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Home Latest Stories The Long Road to Self-Reliance | Automobiles

The Long Road to Self-Reliance | Automobiles

Long before geopolitical tensions led to calls to ban Chinese goods, Indian automotive component makers had already decided to reduce their dependence on Chinese suppliers. Called ‘China Plus One’, their strategy aims at creating alternative supply lines — from Japan, Korea, Taiwan, Thailand and Germany, among other — for a range of auto parts imported by India. This had followed disruptions in component supplies from China in January and February, as Covid-19 devastated Wuhan, a major auto hub in that country and the global epicentre of the disease.

Covid-19 has imperiled the movement of some $4.5 billion (Rs 33,750 crore) worth of auto components that India annually imports from China, comprising about 26 per cent of India’s $17 billion (Rs 1.28 lakh crore) worth of auto parts imports from around the globe. Even so, the Indian market is only a small part of China’s exports in this sector. China exports $70 billion worth of auto parts globally, as per a May 2019 Bloomberg report. Exports to India, at $4.5 billion, are just 6 per cent of that total.

However, leading suppliers to the auto industry note that replacing Chinese firms in the component supply chain is easier said than done. “In Covid-19 times, we have seen how easy it is to switch off a supply chain,” says Deepak Jain, president of the Automotive Components Manufacturers Association, which represents 830 auto parts makers in India, and chairman of Pune-based Lumax Industries, a major supplier of lighting systems to automotive companies. “But to get it started again (with a new supplier) is not easy,” he says. “It is a long process.” For instance, China is the world leader in the manufacture of LED (light-emitting diode) systems, popular for their brightness and capacity to save electricity. Though LED systems are assembled in India as well, the components themselves are imported from China. It is in the manufacturing of such basic and crucial electronic components that China has stolen a march over several other countries, including India.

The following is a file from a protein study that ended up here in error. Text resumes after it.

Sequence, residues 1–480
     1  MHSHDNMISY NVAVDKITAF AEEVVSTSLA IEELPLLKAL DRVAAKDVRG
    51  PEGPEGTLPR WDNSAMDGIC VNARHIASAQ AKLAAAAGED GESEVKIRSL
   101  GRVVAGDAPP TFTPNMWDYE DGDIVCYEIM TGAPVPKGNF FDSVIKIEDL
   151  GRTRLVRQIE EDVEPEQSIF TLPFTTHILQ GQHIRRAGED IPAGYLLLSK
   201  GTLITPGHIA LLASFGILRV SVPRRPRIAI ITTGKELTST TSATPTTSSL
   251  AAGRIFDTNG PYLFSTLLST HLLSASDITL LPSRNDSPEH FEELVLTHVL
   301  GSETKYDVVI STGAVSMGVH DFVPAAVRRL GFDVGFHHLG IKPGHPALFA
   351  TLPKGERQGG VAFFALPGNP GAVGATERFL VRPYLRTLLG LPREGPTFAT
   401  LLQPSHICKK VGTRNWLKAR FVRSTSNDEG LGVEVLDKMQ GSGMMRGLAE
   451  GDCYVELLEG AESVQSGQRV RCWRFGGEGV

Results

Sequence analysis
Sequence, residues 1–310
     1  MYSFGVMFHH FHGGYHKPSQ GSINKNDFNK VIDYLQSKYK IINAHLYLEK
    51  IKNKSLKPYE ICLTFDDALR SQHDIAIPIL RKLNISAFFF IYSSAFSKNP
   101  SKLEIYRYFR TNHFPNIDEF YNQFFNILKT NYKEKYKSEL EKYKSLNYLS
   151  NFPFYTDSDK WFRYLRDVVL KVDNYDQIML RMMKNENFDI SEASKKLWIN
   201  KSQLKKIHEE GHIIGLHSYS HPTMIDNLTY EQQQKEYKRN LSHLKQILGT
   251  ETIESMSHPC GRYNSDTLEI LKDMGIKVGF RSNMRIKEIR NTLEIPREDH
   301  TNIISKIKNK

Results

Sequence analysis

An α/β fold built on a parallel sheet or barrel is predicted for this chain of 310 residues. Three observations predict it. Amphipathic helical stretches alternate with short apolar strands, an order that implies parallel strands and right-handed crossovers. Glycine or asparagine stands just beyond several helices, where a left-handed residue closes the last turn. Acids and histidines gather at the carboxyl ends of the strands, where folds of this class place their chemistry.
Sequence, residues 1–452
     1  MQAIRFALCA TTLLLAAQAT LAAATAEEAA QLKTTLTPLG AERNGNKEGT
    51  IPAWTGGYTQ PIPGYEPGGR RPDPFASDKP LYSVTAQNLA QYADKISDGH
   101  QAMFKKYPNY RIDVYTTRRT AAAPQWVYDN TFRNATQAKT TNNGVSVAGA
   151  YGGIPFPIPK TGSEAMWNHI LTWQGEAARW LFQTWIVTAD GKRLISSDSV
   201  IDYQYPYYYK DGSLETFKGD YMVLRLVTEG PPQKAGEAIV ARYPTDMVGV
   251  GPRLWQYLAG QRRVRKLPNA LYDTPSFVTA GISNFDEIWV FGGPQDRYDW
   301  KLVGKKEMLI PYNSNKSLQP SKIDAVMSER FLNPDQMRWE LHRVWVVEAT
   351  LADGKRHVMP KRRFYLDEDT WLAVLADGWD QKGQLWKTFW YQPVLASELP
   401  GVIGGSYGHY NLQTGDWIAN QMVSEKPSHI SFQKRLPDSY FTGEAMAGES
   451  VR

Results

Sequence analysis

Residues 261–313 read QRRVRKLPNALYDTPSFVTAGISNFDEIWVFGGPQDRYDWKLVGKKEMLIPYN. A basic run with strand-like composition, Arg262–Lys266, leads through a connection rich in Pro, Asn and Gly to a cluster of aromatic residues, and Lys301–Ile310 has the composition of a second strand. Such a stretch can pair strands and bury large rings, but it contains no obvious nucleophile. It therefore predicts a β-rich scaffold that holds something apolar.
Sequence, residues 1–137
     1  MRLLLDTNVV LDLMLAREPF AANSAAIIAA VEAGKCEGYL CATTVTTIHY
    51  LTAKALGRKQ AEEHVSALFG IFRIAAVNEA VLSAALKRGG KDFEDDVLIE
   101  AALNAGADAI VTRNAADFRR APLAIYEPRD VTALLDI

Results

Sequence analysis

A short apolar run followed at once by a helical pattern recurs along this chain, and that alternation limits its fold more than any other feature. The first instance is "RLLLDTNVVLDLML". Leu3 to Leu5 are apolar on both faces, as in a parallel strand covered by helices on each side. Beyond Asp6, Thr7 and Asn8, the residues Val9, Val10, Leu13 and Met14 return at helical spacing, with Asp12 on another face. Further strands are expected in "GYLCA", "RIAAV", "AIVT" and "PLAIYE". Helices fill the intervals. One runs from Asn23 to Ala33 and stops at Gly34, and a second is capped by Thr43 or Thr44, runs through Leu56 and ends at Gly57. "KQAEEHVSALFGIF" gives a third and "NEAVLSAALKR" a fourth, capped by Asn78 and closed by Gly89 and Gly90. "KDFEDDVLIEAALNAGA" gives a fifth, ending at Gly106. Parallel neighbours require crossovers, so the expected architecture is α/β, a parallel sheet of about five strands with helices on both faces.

Graphic by Tanmoy Chakraborty

To add to the Indian automotive sector’s problems, before the Covid crisis arrived, Indian regulators had already announced a fast transition from Bharat Stage IV (BS-IV) to BS-VI pollution norms, skipping a stage in between. This had caught several component makers off-guard. “Several systems could not be localised since we were not given time to expand,” explains Jain. “Therefore, imports increased.” This had led to increased reliance on China at a time supply lines were about to go into seizure.


For several years now, Chinese imports have dominated the Indian automotive components space. These products are scattered across the entire value chain, from electronics and electrical parts to fuel injection, braking and lighting systems and steering components. Apart from importing one-fourth of our auto requirement from China, India imports 14 per cent from Germany, 10 per cent from South Korea and 9 per cent from Japan.